Blue-and-white tickertape flew up and fireworks exploded as Manchester City's players finally got their hands on the Premier League trophy on Sunday.
They couldn't mark the occasion with a potentially record-breaking win -- City surprisingly drew 0-0 with relegation-threatened Huddersfield -- but it didn't stop them basking in the glory of a stylish and runaway title triumph that was clinched in record-equalling time two weeks ago.
Pep Guardiola was thrown in the air by his squad while Yaya Toure danced and jigged with his teammates on one of his last appearances on the Etihad Stadium turf.
Toure was given the biggest cheer by fans as City's players walked up to the stage to collect the trophy. As many of them jumped on the midfielder, the trophy fell off its perch and onto the grass, but it was only a minor blip on beautiful, sunny day in east Manchester.
Some of the backroom staff swigged on huge bottles of champagne. City's fans, who earlier defied orders to not invade the pitch after full-time, chanted song after song about their favorite players.
The crowning moment came when Vincent Kompany raised aloft the biggest prize in English football, the third time the long-serving City captain has done so in seven seasons.
"This team deserve it more than ever. I'm absolutely buzzing for them," Kompany told Sky Sports. "The impact of the gaffer was massive and the team has been so willing to learn, willing to implement it every single week."
There are still two games left in City's league season -- and still time for City to break the record for most points, wins and goals in a single Premier League campaign. Then City will aim to become an even more celebrated team by retaining the title for the first time.
"This is the Premier League. England is so special, it's so tough," Guardiola said. "You never know you're going to win, nobody knows. You win, you lose but always you have to try to do what you believe. When we started the season we believe OK and we wanted to try but I didn't know whether we would be able to win."
Even Guardiola might let off his players for sloppy play against Huddersfield on a day when fans partied inside and outside the stadium and the side entered to a guard of honor made up of the Huddersfield team as well as players from City's title-winning team from 1968.
It was the first time this season City had been kept scoreless at home in the league, the last occasion being in April last year in a 0-0 draw against Manchester United.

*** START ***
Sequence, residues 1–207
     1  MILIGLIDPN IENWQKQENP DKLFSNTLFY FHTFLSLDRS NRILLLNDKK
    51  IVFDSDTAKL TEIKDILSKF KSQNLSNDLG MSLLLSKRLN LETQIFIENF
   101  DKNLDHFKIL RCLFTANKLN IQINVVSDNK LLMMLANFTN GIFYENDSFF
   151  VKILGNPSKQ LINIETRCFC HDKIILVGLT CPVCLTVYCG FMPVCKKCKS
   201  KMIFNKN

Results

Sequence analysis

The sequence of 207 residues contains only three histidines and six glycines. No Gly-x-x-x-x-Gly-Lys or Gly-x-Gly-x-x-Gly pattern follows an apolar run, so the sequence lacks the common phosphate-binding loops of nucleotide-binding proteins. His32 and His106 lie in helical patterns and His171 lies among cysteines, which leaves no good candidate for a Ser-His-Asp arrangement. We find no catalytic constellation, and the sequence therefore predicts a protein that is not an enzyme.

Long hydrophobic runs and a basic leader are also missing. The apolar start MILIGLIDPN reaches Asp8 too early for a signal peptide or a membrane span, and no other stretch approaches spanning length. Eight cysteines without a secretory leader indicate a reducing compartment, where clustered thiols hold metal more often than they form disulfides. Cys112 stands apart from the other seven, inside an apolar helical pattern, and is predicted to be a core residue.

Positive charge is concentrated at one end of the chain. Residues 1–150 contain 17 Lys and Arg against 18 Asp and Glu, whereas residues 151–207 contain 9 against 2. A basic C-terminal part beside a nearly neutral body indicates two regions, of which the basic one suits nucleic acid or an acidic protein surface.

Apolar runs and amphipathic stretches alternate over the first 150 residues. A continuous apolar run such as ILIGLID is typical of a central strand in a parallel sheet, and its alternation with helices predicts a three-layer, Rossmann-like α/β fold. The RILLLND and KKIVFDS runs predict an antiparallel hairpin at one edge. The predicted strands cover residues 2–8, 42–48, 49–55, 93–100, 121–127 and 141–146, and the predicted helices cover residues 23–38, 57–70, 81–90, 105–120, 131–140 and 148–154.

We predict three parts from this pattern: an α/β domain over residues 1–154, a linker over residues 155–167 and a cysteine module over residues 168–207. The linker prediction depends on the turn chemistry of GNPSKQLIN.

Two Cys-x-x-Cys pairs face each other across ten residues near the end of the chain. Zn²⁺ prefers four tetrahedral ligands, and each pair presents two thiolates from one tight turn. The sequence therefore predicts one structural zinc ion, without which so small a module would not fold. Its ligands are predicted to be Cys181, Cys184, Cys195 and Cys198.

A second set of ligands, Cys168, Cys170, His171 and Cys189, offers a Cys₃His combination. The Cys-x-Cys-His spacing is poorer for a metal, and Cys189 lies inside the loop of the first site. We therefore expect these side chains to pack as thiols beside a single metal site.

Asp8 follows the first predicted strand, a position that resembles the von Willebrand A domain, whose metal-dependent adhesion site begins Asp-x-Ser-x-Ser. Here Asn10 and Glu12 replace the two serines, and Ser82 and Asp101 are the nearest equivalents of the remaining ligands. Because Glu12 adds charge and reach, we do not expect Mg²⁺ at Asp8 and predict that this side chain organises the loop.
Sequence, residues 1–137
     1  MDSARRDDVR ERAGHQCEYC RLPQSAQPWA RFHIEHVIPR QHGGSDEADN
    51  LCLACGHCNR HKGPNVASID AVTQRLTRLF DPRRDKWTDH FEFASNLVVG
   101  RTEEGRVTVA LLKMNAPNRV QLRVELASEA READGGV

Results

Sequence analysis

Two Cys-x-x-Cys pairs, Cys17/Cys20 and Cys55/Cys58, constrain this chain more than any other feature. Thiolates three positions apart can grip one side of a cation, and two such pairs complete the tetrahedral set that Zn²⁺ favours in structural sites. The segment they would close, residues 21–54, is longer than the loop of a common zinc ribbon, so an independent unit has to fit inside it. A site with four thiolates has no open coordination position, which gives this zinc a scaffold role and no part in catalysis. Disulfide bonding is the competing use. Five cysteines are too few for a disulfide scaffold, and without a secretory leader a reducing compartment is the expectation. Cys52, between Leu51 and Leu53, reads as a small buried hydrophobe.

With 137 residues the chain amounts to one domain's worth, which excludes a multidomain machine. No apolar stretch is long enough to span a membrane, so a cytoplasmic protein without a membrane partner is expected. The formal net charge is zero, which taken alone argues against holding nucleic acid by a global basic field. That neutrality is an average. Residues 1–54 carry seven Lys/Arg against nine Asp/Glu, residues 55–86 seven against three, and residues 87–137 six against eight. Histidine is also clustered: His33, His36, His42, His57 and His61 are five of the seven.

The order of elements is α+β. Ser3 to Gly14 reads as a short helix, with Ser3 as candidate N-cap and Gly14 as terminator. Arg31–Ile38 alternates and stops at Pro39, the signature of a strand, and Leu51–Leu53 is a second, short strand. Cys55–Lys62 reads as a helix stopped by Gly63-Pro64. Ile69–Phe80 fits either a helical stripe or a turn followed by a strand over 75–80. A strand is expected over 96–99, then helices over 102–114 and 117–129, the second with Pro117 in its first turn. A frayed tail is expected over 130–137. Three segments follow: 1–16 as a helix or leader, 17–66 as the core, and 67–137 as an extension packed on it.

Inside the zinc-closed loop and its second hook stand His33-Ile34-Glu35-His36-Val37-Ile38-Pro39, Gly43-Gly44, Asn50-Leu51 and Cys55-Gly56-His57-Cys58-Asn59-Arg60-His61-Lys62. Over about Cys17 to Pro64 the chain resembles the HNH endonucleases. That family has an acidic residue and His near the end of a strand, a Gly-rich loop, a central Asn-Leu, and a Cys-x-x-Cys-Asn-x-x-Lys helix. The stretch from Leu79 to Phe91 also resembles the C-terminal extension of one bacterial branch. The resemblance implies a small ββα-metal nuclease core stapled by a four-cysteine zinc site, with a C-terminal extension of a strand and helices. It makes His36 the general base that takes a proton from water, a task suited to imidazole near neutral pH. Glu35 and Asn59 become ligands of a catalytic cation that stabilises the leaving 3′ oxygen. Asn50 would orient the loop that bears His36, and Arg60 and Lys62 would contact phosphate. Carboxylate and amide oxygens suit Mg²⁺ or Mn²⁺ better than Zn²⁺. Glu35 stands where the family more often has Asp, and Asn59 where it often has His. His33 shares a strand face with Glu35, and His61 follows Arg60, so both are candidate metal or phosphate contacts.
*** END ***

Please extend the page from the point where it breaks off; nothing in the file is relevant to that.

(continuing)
"Today was the proof we can do better," Guardiola said. "Today it was warm, it was so tough, the 11 Huddersfield players were playing to stay in the Premier League. We lost a bit of focus but it's normal.
"We saw what happened in the last period: the team who won the league last season [might not] qualify for the Champions League, for example. Going back-to-back will be tough but we accept the challenge."
City were comfortably atop the table for most of the season, but defender John Stones said the manager had "not let standards slip at all."
"Every day he's been wanting to improve us individually and as a team," Stones said. "It's a credit to him and his staff, he'd never say it's just about him or his staff, it's a collective. I think that's why we've gelled so well together. It's literally a dream come true."
City's remaining games are against Brighton at home and Southampton away, and Guardiola is sure to rotate, giving Toure a final bow after announcing earlier this week the Ivorian would not return.
Toure told Sky: "It's very special. Today we didn't win the game, we drew, but I think we fully deserve it this year. It is fantastic to be part of this team. I think next year is going to be more exciting than this year.
"It's the first club where I've stayed such a long time. After eight years of service, I think it is the right time to move on and try to let the kids have their opportunity. I'm delighted to have been a part of this football club."
Information from The Associated Press and Press Assocaition was used in this report.